Do bike wheels limit the top speed?
I have an MTB with 26 inch wheels and thick aluminum frame. Swapped the stock drivetrain to a bigger one with a 48 crankset. I topped out at 32 mph on a flat surface (an 0.5 mile road patch). Now, is it possible to get to 40 with more practice? I mean, aren’t the 26 wheels the limiting factor?
- Alice SLv 66 months ago
Not so much the size, although you can make marginal gains with a 650b or 29er. Tyre choice If you want speed, then you want a low rolling resistance. So big balloon tyers are out. Panaracer, for example, do a 26" road tyre for an mtb wheel. Try that and you will find peddling smoother. The downside is that this will only work on road surfaces and will not be brilliant off road. So you might want to compromise and go for a 1.8 tyre with summer tread. This is very ;much an XC set up and will not allow you to do as much at a trail centre.
- blazingpedalsLv 66 months ago
To hit 40 on flat ground, you're going to need to pay particular attention to aerodynamics. Eliminate all aero drag possible, including flappy clothes, wide handlebars, wheels with large spoke counts, tires, and especially body position.
For gearing, you're going to need a bigger chainring. Rear cogs smaller than 13 teeth show increasingly large losses, so avoid going smaller and compensate by using large chainrings. A 56 or 58T ring should do it. Finally, going from 32 to 40 mph will probably require you to double your power output. I think you underestimate the magnitude of the goal, but good luck!
- D50Lv 66 months ago
With high enough gearing and some way to avoid aerodynamic drag, bicyclists have topped 100 mph by a lot for years. I think the current record is 174 mph.
- Chris AncorLv 76 months ago
Good wheels will help. Get advice from a good racing bike shop.
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- DavidLv 66 months ago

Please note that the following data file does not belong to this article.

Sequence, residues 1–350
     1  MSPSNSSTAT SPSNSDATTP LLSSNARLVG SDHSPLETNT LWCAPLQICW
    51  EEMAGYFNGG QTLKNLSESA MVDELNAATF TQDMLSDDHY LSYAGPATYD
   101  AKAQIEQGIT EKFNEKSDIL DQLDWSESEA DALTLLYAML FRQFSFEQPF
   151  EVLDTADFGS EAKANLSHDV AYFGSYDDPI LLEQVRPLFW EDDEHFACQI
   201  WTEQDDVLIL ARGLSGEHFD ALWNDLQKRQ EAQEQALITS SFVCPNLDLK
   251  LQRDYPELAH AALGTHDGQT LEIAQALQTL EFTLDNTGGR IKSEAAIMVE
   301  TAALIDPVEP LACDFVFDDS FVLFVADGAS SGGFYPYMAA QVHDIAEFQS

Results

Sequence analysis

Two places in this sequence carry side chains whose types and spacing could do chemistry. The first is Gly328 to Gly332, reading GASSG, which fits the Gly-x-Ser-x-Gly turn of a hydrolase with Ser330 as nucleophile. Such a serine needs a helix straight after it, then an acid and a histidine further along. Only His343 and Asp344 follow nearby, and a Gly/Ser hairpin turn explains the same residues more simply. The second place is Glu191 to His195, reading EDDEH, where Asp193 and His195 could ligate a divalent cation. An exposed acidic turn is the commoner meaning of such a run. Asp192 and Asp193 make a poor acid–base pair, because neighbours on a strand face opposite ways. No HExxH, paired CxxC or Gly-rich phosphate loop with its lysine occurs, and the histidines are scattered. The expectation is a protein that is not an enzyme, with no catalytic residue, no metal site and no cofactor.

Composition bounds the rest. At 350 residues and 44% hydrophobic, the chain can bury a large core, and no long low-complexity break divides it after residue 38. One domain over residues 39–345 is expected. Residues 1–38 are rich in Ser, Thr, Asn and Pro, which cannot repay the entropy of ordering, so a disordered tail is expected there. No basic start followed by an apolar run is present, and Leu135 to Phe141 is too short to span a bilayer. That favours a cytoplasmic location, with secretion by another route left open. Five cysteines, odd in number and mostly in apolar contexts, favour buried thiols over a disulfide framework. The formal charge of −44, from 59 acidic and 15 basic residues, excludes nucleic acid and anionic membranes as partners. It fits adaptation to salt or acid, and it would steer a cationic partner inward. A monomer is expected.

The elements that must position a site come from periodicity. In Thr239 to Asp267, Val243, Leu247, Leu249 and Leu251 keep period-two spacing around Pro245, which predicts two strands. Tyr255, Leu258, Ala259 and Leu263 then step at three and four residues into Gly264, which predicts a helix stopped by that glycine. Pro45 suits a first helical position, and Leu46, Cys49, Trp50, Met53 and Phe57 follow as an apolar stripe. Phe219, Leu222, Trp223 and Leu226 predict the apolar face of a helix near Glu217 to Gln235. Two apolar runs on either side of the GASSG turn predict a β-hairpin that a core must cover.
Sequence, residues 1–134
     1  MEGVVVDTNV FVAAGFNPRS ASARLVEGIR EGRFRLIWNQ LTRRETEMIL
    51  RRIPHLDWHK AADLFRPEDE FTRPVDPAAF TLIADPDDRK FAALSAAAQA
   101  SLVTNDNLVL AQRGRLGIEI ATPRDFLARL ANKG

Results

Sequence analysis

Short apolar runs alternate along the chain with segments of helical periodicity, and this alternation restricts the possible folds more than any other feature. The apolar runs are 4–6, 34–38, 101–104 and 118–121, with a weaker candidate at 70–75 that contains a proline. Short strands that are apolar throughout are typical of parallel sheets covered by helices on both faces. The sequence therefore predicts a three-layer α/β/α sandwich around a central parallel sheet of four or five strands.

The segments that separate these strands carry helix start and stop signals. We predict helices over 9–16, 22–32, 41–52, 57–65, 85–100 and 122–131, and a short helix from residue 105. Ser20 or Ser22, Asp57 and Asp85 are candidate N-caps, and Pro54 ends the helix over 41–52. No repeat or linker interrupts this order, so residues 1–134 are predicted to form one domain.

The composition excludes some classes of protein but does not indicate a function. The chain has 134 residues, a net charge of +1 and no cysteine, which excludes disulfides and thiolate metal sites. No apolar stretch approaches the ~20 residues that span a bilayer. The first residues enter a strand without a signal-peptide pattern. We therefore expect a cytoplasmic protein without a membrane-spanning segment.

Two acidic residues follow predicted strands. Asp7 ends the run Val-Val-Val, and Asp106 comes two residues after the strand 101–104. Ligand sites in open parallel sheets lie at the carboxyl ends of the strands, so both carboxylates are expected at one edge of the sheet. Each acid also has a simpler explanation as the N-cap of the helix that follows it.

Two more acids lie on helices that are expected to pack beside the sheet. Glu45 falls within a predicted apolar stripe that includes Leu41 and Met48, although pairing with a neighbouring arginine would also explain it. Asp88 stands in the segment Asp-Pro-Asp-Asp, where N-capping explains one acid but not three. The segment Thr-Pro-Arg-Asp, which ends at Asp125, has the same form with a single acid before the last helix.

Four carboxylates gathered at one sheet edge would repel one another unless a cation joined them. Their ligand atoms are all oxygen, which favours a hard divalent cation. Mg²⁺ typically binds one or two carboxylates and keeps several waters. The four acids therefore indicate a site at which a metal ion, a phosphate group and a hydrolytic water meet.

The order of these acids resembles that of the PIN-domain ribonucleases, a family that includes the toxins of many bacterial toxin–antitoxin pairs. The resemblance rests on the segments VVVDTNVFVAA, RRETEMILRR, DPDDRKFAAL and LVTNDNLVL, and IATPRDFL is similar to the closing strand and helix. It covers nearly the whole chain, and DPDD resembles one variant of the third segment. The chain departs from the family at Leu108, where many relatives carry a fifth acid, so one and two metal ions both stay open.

For a given cadence - pedaling pace - you’ve got three things deciding your top speed:
- chainring tooth count
- smallest sprocket tooth count
- and wheel size
In theory, it doesn’t matter which of these you change. Either can be tweaked to give greater speed.
IRL, 11T sprockets is the most common smallest sprocket size. It takes an effort to go lower.
Chainrings can easily be found up to 53T.
If your bike started life as a MTB , you might not be able to fit a much bigger chainring
For a 48/11 and 26” wheels, you’ll be pedaling ati just above 100 rpm to get to 35 mph. To hit 40 mph you need to pedal at 120 rpm. Doable with pedals with a foot-retention system, but not very efficient.
- MtrlpqbikerLv 76 months ago
Wheel size has little to do with top speed. However, the type of tire you use can be a factor. Knobby off road tires will slow you down. As well, the position of the rider on a mountain bike isn't very aerodynamic making it much harder to push yourself through the air at higher speeds.
Your top speed is only something you can hold for a very short time. On any bike you should also think about the speed you can hold over the duration of a ride, your average speed. However, if you want to look at making top speed attempts, you should probably look at trying out a road bike
- Jib JabLv 66 months ago
The rear gears & your own ability are also contributing factors. Easy solution. Find a bigger downhill run. You can easily surpass 40 mph.